Namwali Serpell was born in Lusaka. Her first novel, The Old Drift (Hogarth, 2019), won the Anisfield-Wolf Book prize for fiction “that confronts racism and explores diversity,” the Arthur C. Clarke Award for science fiction, the Grand Prix des Associations Littéraires Prize for Belles-Lettres, and the L.A. Times’ Art Seidenbaum Award for First Fiction. It was short listed for the L.A. Times’ Ray Bradbury Prize for Science Fiction, Fantasy & Speculative Fiction and long listed for the Center for Fiction First Novel Prize, the Nommo Award for Best African Speculative Novel, and the Historical Writers’ Association Debut Crown. It was named one of the 100 Notable Books of 2019 by the New York Times Book Review, one of Time Magazine’s 100 Must-Read Books of the Year, and a book of the year by New York Times Critics, The Atlantic, NPR, and BuzzFeed.
She is a co-recipient of a 2020 Windham-Campbell Prize for fiction (with Yiyun Li). Her short story, “Take It,” was a finalist for the 2020 Sunday Times Audible Short Story Award. In 2014, she was chosen as one of the Africa 39, a Hay Festival project to identify the most promising African writers under 40. In 2011, she received a Rona Jaffe Foundation Writers’ Award. Her first published short story, “Muzungu,” was selected for The Best American Short Stories 2009 and short listed for the 2010 Caine Prize; she went on to win the 2015 Caine Prize for “The Sack.”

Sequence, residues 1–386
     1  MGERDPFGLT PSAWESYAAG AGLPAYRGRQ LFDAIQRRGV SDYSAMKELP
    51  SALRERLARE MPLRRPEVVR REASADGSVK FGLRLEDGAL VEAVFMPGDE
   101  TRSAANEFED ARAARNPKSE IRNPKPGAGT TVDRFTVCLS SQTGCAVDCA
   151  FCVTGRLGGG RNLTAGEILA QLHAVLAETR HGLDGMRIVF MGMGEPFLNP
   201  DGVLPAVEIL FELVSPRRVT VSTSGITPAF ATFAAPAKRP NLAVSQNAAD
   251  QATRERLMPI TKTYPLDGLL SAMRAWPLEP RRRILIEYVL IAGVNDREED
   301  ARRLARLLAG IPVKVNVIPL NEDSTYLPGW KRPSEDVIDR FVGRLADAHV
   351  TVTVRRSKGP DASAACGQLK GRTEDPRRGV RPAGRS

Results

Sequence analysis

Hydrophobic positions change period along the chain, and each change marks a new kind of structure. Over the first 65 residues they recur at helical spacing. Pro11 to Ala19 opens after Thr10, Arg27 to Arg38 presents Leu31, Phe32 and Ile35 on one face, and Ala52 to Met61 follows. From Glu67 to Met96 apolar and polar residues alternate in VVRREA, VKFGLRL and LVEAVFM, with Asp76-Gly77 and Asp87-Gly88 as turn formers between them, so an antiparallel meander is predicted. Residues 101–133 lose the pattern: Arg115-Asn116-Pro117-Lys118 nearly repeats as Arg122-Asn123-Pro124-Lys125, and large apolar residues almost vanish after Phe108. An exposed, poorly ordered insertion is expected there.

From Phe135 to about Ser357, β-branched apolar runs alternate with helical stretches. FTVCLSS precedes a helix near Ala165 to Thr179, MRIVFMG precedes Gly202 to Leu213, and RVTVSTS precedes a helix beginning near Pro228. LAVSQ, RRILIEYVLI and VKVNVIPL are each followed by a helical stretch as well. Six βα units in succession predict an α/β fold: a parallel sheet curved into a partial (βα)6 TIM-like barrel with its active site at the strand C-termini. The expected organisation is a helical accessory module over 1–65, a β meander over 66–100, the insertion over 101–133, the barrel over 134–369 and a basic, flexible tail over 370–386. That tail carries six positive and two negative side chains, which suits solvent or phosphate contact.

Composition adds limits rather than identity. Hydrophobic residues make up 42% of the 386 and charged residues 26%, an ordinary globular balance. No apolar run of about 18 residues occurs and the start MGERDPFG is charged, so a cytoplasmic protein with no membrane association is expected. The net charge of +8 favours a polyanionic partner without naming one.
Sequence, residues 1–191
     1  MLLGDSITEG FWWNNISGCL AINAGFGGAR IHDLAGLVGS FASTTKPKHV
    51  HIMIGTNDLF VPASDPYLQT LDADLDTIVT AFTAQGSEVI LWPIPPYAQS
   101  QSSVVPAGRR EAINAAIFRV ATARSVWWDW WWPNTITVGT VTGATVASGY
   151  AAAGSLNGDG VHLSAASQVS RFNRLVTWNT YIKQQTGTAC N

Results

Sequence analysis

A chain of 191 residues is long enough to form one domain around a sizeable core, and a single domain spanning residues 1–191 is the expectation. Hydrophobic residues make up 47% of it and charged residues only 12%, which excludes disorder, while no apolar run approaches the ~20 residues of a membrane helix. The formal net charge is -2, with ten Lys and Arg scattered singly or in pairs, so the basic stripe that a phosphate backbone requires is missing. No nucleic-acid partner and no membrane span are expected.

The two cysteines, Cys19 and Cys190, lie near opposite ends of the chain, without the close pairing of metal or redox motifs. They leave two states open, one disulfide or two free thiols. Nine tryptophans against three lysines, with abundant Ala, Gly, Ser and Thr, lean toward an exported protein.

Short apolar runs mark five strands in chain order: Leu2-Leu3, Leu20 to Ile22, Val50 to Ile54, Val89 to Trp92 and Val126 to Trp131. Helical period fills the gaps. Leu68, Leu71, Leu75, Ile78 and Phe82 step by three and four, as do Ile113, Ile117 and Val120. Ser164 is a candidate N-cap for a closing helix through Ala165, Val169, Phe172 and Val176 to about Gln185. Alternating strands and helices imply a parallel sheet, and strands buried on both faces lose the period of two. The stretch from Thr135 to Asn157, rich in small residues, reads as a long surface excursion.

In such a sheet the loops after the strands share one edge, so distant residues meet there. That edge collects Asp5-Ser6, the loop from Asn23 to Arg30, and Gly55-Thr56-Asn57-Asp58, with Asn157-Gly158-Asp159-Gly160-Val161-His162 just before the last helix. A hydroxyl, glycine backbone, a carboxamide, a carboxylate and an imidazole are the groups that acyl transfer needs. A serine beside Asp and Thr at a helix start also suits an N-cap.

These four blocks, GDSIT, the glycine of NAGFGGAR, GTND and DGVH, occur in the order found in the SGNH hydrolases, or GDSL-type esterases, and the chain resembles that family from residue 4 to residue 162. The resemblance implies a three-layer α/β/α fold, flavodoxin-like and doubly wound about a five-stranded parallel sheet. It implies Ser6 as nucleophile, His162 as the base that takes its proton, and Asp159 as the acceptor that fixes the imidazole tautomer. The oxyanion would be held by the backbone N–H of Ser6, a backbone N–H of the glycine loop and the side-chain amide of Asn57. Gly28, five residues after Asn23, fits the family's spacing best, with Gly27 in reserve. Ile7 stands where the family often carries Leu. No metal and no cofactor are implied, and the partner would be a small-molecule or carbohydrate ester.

She is a Professor of English at Harvard University. She was Assistant, then Associate, Professor of English at the University of California, Berkeley from 2008-2020. Her work of literary criticism, Seven Modes of Uncertainty, was published in 2014 by Harvard University Press. Her book of essays, Stranger Faces (Transit Books, 2020), was long listed for a Believer Book Award for Nonfiction and a finalist for a National Book Critics Circle Award for Criticism. Her book, American Psycho Analysis, is forthcoming with Columbia University Press.